By Yishane Lee
The Centers for Disease Control and Prevention (CDC) made an announcement Feb. 7 on the dangers of noise-induced hearing loss (NIHL). Among the many statistics cited, the CDC says:
40 million U.S. adults ages 20 to 79 have NIHL
More than half (21 million) with hearing damage do not have noisy jobs
One in four U.S. adults who say they have good or excellent hearing actually show hearing damage
Hearing loss is the third most common chronic health condition in the U.S.
People report hearing loss at a rate nearly double of those reporting diabetes or cancer
The CDC says its latest Vital Signs report, using data from more than 3,500 hearing tests in the 2012 National Health and Nutrition Examination Survey (NHANES), shows “much of this [hearing] damage is from loud sounds encountered during everyday activities at home and in the community,” such as using a leaf blower or going to a loud concert without hearing protection. Nearly three-quarters of those who are exposed to loud noises never or rarely use hearing protection, the report says.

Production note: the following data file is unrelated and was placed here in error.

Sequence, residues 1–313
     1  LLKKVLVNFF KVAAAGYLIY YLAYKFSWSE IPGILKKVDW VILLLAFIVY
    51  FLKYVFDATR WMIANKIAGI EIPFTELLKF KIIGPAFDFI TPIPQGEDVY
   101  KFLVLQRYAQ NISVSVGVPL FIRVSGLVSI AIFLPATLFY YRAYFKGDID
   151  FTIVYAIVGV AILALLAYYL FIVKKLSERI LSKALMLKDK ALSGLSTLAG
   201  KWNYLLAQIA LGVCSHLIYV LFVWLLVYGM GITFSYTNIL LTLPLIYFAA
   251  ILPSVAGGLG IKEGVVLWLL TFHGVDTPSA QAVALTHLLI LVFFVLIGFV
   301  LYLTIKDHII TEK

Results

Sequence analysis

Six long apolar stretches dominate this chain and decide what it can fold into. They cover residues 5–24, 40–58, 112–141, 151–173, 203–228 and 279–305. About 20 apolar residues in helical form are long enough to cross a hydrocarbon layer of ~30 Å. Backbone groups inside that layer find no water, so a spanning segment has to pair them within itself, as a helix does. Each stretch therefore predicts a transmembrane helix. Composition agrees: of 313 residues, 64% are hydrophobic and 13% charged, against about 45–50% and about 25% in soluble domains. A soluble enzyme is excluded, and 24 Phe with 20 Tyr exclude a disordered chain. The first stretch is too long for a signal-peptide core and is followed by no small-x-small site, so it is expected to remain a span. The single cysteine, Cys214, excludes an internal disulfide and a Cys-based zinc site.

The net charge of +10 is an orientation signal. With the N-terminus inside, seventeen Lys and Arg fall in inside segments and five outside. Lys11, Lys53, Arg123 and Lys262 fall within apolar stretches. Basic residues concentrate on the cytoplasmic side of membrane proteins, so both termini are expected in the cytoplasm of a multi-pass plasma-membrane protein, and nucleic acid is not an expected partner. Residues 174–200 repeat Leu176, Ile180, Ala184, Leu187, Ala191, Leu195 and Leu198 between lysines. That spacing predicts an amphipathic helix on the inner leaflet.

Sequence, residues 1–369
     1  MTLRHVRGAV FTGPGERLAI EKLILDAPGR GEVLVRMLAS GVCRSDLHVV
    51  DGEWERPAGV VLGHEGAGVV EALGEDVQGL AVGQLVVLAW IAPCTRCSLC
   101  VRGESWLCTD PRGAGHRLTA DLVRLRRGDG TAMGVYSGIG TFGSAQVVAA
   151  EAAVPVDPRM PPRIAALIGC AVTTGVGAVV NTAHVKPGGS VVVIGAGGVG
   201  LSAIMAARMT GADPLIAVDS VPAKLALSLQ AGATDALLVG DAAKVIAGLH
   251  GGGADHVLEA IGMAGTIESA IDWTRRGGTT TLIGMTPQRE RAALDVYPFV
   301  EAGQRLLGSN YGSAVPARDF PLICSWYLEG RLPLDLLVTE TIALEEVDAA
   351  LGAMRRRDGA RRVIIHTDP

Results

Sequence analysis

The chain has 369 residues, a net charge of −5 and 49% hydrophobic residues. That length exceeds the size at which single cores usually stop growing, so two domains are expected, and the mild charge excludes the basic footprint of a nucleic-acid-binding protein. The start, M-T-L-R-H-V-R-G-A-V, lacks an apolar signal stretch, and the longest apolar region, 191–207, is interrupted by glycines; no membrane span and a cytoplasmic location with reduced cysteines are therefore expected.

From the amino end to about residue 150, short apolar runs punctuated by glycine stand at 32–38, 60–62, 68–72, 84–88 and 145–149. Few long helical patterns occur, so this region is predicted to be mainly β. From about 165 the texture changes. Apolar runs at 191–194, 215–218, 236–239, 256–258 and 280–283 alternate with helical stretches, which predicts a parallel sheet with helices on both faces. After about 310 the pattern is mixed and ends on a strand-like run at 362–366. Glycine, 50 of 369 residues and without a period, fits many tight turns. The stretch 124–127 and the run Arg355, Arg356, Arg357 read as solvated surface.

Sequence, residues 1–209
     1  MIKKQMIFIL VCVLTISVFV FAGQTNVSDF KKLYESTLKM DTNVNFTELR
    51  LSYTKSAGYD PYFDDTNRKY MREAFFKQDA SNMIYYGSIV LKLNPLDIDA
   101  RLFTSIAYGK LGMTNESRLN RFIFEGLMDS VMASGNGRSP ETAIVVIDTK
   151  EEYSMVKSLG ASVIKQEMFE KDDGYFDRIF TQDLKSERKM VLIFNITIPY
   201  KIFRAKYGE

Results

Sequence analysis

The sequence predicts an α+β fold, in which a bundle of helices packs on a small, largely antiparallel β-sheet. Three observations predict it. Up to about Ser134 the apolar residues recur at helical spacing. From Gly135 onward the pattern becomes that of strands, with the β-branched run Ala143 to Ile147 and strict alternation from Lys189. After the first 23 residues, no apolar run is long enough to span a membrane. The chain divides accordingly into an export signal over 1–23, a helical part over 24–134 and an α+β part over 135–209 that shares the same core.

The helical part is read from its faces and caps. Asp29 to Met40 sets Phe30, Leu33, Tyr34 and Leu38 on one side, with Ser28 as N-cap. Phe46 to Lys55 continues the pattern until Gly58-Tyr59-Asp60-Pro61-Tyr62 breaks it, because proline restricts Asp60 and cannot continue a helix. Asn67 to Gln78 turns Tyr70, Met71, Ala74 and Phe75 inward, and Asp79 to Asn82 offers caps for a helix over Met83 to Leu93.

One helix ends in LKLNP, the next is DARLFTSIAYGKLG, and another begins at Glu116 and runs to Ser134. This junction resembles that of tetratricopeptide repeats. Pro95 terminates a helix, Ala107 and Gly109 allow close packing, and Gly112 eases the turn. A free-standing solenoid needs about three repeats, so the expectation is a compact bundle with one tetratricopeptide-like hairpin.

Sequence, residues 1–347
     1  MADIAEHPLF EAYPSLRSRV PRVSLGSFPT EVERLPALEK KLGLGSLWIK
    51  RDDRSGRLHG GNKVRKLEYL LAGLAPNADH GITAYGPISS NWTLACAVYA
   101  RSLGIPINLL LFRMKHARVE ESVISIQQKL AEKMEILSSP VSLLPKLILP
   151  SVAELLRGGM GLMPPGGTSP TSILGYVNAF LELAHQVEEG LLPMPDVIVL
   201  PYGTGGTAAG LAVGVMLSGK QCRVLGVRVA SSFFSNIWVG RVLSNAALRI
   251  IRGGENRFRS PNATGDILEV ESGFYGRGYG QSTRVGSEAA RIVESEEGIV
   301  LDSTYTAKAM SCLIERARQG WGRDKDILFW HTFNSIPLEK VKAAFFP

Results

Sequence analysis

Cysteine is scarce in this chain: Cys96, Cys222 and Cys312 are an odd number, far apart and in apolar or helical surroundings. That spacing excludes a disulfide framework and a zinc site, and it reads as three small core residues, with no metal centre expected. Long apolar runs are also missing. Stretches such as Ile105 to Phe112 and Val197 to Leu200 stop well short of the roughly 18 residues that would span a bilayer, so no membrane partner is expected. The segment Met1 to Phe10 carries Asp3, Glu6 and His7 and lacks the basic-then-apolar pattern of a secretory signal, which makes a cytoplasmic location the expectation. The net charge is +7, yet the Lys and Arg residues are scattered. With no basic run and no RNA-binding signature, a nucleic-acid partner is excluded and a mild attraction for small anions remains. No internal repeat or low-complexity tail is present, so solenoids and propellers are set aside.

According to the press release, CDC researchers “found that 20 percent of people who reported no job-related noise exposure had hearing damage in a pattern usually caused by noise. This damage—shown by a distinctive drop in the ability to hear high-pitched sounds—appeared as early as age 20.” But it added that while a few studies have linked noise exposure among young people to the use of portable devices and entertainment venues, more research is needed to determine the relationship between this type of early noise exposure and hearing loss in older age.
Untreated hearing loss is linked with anxiety, depression, loneliness, and stress, the CDC says. In addition to causing hearing loss, chronic noise exposure can worsen heart disease and increase blood pressure, among other adverse health effects.
But don’t forget, noise is the only fully preventable cause of hearing loss.
Please see HHF’s resources on NIHL here, as well as our Summer 2015 cover story about NIHL. Taking care of your hearing should always be part of your overall health. If you suspect a hearing loss, get your hearing checked, and if you do have a hearing loss, get it treated. Avoid noisy areas, and wear protective earplugs or stronger when you need them in noisy environments. Download the CDC’s fact sheet here.
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